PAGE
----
Eco-friendly paint: a buyer’s guide
How to get great colour and coverage for your home while safeguarding the environment
Finding the perfect colour is a priority, but choosing an eco-friendly paint also makes good sense. Several brands now offer collections that are kind to the environment and have also improved their green manufacturing credentials. These companies offer plastic-free formulas that have non-polluting, low-carbon production and recycling processes.
What is eco-friendly paint?
Natural, organic, green and eco-friendly are all terms used by paint companies to describe their formulas, so understanding what makes one brand greener than another can be tricky.
Some paints are made with a high proportion, or entirely, of natural ingredients such as chalk, clay, plant oils and plant dyes used for colouring, and there are vegan ranges too. There are no plastics or microplastics in natural paint, and it doesn’t contain or release chemical toxins. Ingredients are renewable, meaning the paint is carbon neutral.
Water-based paints tend to be more eco-friendly than oil-based ones, not just because of their ingredients, but also because the brushes and rollers used to apply them don’t need to be cleaned with white spirit.
Why choose eco-friendly paint?
The chemicals and plastics used to make some paint formulas are detrimental to our health and the world around us. A 2021 report by research consultancy Environmental Action, called Plastic Paints the Environment, indicates that the contribution of paint to both the macro and microplastic leaking into the environment is significant. The mean value is 7.4 metric tonnes per year (Mt/year).
Of the six main areas of paint use analysed – architectural, automotive, general industry, industrial wood, marine, road markings – the architectural sector is the greatest contributor at 48%. Of this, 26% is household dust that includes interior paint lost due to wear and tear or being removed. Soil contamination comes from exterior paint that weathers or has been removed.
‘Try to avoid paint that includes plastic as a binder mixed with additives and fillers, which form a plastic-like film on a surface,’ says Simon Corbey, director of The Alliance for Sustainable Building Products (ASBP), which has a list of plastic-free paint manufacturers on its website. ‘They are not breathable and are particularly unsuitable for older buildings, which tend to have movement of moisture through the wall.’
Eco-friendly paints can also offer unique finishes that standard paints don’t: ‘The colours of paints such as limewash change with the daylight and respond to light, creating a unique depth,’ says Francesca Wezel, founder and director of Francesca’s Paints.
Some eco-friendly paints can even reduce – not just negate – their environmental impact: ‘Manufacturer Graphenstone combines graphene, which is a form of carbon, with lime and other natural minerals in its paint,’ says Phil Robinson, founder of Paint the Town Green. ‘As the paint dries, the lime naturally absorbs carbon dioxide (CO2) from the surrounding air.’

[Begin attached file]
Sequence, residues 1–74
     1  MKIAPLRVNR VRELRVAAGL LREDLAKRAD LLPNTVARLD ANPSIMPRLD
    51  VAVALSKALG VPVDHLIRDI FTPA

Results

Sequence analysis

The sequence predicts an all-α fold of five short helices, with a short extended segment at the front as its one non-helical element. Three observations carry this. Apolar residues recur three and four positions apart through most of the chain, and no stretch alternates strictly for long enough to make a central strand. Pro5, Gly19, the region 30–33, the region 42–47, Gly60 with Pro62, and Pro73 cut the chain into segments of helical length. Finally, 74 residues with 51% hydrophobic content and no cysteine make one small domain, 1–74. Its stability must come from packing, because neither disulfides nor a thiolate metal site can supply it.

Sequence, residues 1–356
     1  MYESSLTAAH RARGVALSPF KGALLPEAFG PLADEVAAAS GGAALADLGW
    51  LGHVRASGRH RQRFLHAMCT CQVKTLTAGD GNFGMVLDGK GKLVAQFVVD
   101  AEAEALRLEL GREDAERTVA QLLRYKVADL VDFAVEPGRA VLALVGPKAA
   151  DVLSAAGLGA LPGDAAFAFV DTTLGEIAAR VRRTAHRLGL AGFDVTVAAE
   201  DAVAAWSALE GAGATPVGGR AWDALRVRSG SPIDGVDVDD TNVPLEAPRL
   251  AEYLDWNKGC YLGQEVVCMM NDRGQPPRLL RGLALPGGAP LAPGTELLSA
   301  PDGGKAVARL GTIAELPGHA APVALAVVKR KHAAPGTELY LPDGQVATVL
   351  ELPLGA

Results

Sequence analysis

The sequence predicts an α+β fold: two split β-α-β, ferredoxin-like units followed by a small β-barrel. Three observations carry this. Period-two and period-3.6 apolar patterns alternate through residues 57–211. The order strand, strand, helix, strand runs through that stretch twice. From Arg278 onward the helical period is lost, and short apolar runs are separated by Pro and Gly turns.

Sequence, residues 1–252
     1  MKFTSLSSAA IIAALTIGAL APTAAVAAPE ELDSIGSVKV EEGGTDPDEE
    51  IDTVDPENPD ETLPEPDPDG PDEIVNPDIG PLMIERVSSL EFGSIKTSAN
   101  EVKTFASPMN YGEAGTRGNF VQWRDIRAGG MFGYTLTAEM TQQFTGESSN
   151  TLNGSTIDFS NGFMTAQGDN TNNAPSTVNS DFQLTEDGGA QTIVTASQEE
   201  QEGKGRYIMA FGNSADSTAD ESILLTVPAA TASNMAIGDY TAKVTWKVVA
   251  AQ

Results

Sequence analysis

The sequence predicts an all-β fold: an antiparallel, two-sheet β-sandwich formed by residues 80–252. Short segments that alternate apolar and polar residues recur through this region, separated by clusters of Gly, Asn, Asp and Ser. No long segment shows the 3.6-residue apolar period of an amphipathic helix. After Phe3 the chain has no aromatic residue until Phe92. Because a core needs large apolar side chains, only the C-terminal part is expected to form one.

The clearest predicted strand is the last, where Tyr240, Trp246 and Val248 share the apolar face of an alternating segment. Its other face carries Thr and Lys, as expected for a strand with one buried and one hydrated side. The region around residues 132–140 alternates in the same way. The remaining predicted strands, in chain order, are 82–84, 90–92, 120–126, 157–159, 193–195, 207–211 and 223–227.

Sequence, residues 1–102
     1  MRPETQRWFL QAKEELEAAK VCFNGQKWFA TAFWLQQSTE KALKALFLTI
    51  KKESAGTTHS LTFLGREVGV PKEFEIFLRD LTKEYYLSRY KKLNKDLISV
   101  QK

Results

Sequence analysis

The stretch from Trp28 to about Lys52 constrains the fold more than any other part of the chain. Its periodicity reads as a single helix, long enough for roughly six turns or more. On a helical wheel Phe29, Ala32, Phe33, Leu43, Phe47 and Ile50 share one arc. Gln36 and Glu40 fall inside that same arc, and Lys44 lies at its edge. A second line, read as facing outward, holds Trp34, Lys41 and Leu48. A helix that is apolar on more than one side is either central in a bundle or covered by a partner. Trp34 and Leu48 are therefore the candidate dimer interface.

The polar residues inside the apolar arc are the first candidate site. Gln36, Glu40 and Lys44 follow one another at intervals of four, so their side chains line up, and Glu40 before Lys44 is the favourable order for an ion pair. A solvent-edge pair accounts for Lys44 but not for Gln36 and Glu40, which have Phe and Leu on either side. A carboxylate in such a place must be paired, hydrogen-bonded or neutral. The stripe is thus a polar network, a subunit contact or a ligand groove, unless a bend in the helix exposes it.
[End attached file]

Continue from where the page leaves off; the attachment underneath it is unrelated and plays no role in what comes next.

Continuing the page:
Volatile organic compounds (VOCs) are gases that release into the air from solvent-based paints and, in smaller amounts, from water-based formulas. No paint is entirely free from VOCs, but some brands strive to achieve the lowest possible levels.
Low-VOC paint is virtually odourless, tends to dry quickly and provides good coverage. However, this doesn’t mean that all low-VOC formulas are environmentally-friendly, as some contain vinyl and chemical pigments. Ask your retailer or do your own research into how the paint you’re considering is made.
Look for the VOC labelling system – a globe symbol that you’ll find printed on the paint tin. It shows the level of VOCs that are emitted in one of five categories – minimal, low, medium, high and very high. The European Ecolabel flower accreditation is another reliable indicator of low-level VOCs.
If you need to remove an old paint finish before applying a fresh coat, choose a minimal-VOC, water-based stripper such as Eco Solutions’ Home Strip Paint Remover. It requires more work than standard chemical strippers but is less polluting.
It’s not just about the eco-friendly paint itself, some brands are making leaps in low-carbon or carbon-positive manufacturing, too.
‘Look at how the ingredients were sourced, the manufacturing process and the environmental credentials of the factory,’ says Phil Robinson of Paint the Town Green. ‘Is it powered by renewable energy? Brands such as Coat Paints are carbon-positive – meaning it removes more carbon than it emits in the process of creating and supplying paint to its customers – and manufactured in the UK.’
Coat Paints recently became the UK’s first and only B Corp-certified paint company following a rigorous assessment of the company’s social and environmental impact. Eco-friendly practices include zero-waste production as paint is mixed to order, a 360-tin recycling scheme, as well as solvent-free recyclable peel-and-stick testers that are 95% less wasteful than traditional tester pots.
Little Greene, which produces natural, minimal VOC-paint in the UK, has made great leaps in low-carbon manufacturing. The family-run company recently launched Re:mix, a collection of left-over paints reformulated into new colours for interior walls and ceilings. Recycling these waste paints prevents as much as 60,000 litres of raw materials from going to waste each year.
Eco-friendly paint brands
To get an idea of how a selection of different brands measure up, Ethical Consumer has a list of 20 paint manufacturers scored and ranked based on their ethical and environmental record. The list is updated live based on their research database, so check it just before you buy.
Find a list of paint brands with paints labelled as eco-friendly or low-VOC below:
- Little Greene
- Farrow & Ball
- Dowsing and Reynolds